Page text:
In their phone call, the prime minister begged the US leader to adhere to a deal struck by Turnbull and former President Barack Obama the year before, in which the United States had agreed take up to 1,250 refugees imprisoned by Australia for years on Manus Island in Papua New Guinea (PNG) and Nauru in the Pacific. In exchange, Australia would take refugees from Central America.
Trump didnt understand why Australia couldnt take the PNG and Nauru refugees in. Turnbull responded, It is not because [the refugees] are bad people. It is because in order to stop people smugglers we had to deprive them of the product. Trump liked what he heard. That is a good idea, he said. We should do that too.
Turnbull was proudly explaining the complex system established by Australia many years earlier: Refugees are imprisoned in privatized, remote detention centers on the Australian mainland and on Pacific islands. Trump isnt the only one who is impressed; many Western leaders have not only expressed admiration for Australias draconian refugee policies but have initiated ways to implement them in their own nations to contend with the recent surge of people fleeing Africa and the Middle East.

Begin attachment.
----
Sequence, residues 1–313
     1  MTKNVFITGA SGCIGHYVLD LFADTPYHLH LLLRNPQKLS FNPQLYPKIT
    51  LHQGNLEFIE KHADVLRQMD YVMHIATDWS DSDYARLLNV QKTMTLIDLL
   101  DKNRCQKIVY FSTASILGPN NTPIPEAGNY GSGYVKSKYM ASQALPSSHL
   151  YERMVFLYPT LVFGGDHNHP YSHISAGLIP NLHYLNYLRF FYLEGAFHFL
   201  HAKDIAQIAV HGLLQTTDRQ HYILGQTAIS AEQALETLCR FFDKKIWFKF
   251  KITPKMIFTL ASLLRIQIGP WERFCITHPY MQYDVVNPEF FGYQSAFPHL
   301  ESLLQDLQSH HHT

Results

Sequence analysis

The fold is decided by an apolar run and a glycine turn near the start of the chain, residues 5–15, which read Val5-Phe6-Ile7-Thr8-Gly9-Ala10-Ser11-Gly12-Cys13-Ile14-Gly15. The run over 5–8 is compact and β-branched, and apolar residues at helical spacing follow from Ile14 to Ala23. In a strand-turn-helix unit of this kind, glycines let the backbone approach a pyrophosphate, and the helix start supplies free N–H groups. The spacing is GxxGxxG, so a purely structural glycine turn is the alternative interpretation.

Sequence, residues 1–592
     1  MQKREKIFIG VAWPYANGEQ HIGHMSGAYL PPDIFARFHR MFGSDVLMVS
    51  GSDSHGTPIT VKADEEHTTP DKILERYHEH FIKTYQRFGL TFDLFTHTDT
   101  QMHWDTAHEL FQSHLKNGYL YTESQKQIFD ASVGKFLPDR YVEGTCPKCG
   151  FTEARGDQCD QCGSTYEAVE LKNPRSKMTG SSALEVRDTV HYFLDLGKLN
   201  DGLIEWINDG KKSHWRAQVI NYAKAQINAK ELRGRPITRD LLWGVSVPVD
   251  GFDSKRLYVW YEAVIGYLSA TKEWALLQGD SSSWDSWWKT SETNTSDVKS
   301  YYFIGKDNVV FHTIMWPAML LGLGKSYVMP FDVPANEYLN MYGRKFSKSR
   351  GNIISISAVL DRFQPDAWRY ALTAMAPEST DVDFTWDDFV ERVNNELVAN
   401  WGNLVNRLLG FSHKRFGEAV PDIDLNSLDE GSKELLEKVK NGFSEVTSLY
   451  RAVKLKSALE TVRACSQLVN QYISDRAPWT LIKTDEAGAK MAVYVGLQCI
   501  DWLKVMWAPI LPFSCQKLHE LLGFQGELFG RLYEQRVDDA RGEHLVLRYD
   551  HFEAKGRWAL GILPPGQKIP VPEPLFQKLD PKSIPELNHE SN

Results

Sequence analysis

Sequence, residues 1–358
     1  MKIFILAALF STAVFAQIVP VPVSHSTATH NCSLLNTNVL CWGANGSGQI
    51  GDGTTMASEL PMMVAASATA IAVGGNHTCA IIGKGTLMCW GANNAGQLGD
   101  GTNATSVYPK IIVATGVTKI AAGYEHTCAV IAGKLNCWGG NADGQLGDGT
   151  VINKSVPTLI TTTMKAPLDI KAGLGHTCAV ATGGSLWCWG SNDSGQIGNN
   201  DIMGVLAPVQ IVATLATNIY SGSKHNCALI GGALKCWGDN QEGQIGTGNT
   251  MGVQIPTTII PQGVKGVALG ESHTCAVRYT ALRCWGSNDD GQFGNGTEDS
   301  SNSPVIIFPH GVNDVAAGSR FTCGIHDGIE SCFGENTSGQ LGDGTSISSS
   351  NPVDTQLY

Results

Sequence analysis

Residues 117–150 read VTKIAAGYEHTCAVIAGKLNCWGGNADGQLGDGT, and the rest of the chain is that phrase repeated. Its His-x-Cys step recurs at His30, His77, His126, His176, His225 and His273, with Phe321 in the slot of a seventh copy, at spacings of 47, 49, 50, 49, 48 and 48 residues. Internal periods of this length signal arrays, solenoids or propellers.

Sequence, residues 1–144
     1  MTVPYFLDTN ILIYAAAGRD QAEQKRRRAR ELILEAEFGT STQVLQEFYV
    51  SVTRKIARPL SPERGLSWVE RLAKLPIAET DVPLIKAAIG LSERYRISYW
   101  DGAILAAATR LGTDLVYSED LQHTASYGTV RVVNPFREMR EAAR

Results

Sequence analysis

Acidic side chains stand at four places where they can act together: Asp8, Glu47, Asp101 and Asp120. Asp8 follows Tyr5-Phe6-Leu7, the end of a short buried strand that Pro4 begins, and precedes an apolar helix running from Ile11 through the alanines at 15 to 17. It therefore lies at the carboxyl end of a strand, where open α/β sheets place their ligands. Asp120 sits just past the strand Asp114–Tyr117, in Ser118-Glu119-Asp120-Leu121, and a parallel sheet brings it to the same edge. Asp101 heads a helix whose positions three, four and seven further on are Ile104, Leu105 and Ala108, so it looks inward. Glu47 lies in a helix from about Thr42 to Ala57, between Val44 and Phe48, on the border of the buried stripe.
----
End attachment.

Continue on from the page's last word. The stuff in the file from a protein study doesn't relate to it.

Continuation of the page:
The mainstreaming of xenophobia regarding refugees was perfected by Australian politicians more than 20 years ago. Along with a media-savvy mix of dog-whistling against ethnic groups with little social power, refugees have been accused of being dirty, suspicious, lazy, welfare-hungry, and potential terroristsand theyve been accused of refusing to assimilate, despite the countrys largely successful multicultural reality.
Australia hasnt been shy in offering advice to European nations struggling with an influx o...
Communities affected by three Special Agriculture Business Leases in the West Pomio District of East New Britain Province have assessed the economic damage caused by logging and oil palm planting at more than K2.4 billion.
The damages assessment has been compiled by seventeen communities that have lost 42,400 hectares of customary land under the Pomata, Ralopal and Nakiura leases.
The total assessment of K2,402,362,483, comprises both the actual damage already suffered since the leases were issued and the future loss that will accrue through to 2110 if the leases are not cancelled and the land returned.